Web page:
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Nasal Methicillin Resistant Staphylococcus Aureus Predicts Site Infection In GI Surgery

Posted On : August 06, 2012

Dr. Papaconstantinou of White Memorial Hospital in Temple, Texas has studied the relationship between the presence of colonized nares with Methicillin Resistant Staphylococcus Aureus (MRSA) and the incidence of the type of the infection after a gastrointestinal surgery.

He studied 1137 patients. He compared the postoperative infection rate of patients that were positive for MRSA, Negative for MRSA and a third group that was Methicillin Sensitive Staphylococcus Aureus (MSSA). He found that the infection rate for MRSA group was 14%, the highest of all the groups. There was no correlation however when other risk factors were accounted for.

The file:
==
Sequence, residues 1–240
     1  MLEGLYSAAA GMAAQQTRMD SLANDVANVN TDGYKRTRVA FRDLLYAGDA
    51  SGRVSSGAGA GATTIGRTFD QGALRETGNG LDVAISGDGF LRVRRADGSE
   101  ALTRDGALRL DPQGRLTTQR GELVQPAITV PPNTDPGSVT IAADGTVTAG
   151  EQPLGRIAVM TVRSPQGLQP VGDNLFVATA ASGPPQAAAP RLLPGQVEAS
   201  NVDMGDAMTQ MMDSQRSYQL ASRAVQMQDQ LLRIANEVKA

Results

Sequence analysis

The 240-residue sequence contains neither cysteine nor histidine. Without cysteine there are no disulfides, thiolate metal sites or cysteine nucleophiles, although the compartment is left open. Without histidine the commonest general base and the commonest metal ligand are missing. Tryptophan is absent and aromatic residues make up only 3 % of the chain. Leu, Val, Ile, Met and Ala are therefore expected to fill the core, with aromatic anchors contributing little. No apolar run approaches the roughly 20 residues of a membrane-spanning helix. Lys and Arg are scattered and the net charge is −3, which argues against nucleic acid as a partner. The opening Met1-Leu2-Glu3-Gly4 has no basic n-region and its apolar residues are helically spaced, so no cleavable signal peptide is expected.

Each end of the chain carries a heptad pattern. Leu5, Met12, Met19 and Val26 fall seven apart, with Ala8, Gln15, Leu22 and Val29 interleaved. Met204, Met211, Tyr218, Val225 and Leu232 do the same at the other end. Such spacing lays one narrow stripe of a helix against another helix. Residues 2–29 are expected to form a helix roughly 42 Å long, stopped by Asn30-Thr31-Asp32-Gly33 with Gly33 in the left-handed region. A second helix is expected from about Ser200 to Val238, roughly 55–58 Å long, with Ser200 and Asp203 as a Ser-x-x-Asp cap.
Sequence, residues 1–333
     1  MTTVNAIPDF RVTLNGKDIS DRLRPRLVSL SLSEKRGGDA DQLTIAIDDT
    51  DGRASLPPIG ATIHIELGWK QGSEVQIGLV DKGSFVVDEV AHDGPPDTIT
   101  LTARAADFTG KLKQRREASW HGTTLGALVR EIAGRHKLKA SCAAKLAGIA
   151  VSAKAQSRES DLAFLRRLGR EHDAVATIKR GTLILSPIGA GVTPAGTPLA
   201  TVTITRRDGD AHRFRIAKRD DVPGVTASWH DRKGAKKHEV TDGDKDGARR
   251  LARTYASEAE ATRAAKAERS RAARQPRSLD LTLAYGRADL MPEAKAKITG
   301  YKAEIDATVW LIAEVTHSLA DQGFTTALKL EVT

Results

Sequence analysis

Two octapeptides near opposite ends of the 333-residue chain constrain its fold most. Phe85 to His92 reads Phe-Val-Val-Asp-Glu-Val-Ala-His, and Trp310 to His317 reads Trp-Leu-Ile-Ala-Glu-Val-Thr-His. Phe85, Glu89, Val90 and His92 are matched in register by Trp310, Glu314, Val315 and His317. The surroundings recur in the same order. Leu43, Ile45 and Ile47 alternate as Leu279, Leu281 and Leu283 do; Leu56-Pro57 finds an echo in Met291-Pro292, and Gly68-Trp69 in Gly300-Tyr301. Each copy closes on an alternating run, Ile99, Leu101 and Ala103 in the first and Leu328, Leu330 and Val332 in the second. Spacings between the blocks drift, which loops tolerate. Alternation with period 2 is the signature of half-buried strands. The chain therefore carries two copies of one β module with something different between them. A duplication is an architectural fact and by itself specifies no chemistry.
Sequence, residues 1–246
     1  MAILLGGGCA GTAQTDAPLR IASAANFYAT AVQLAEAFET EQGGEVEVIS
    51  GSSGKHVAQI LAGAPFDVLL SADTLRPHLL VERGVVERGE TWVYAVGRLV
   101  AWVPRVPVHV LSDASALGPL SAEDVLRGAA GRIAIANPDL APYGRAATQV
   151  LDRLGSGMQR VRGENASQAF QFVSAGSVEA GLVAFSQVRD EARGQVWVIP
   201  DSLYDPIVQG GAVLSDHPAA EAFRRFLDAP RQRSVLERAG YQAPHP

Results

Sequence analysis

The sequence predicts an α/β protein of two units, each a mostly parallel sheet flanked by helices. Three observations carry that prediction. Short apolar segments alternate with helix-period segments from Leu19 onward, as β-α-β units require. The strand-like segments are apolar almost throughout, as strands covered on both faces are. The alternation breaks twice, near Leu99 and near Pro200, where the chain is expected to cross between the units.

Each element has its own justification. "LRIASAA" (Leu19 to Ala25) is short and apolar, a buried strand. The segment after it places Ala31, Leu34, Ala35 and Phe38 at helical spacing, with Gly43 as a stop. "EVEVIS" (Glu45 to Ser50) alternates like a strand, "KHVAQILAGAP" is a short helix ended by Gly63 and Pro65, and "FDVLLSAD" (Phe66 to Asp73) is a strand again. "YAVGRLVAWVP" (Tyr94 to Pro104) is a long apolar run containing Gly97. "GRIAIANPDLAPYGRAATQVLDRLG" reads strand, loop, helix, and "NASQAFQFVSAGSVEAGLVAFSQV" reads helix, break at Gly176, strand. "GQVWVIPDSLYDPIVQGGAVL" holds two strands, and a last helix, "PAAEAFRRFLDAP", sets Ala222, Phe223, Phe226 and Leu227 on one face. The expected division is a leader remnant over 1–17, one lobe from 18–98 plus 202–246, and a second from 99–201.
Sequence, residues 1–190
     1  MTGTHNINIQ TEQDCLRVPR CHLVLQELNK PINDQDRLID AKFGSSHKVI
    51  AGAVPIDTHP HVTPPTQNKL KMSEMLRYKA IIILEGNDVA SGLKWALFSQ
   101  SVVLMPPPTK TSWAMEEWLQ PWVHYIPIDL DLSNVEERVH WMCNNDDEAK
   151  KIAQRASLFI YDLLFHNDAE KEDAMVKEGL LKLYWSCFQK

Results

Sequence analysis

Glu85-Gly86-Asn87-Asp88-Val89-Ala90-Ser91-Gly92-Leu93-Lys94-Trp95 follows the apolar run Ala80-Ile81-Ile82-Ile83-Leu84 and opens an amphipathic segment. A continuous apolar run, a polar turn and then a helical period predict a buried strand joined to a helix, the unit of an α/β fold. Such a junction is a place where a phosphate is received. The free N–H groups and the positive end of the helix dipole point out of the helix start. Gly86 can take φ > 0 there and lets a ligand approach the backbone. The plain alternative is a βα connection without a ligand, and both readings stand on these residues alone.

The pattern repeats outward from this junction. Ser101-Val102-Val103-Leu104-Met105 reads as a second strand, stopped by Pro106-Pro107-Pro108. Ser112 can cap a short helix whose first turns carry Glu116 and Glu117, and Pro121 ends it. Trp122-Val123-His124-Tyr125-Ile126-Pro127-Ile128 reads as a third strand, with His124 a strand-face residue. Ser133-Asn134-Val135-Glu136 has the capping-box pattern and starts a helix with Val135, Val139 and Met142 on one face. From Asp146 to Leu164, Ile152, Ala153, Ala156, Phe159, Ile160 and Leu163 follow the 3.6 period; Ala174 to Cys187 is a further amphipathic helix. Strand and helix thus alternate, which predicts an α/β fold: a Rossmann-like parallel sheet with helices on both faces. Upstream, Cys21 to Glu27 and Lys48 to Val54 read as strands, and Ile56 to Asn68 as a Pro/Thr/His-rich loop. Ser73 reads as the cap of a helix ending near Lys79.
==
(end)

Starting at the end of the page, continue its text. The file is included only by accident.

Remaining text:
The most significant finding however was the type of the infection present in MRSA patients. With positive nasal swab for MRSA, the most common organism causing the wound infection was MRSA (70%). In patients that were MRSA negative for the nasal swabs, the rate of MRSA wound infection was low at only 8.5%.

An additional finding was that the finding of MRSA positive nasal swab was a predictor for prolonged hospitalization.

There was no reported difference in the postoperative death rate in the MRSA positive or negative group.

It is important, however, to remind ourselves that this is a single study and more studies are needed to look at these variables in different surgical procedures.

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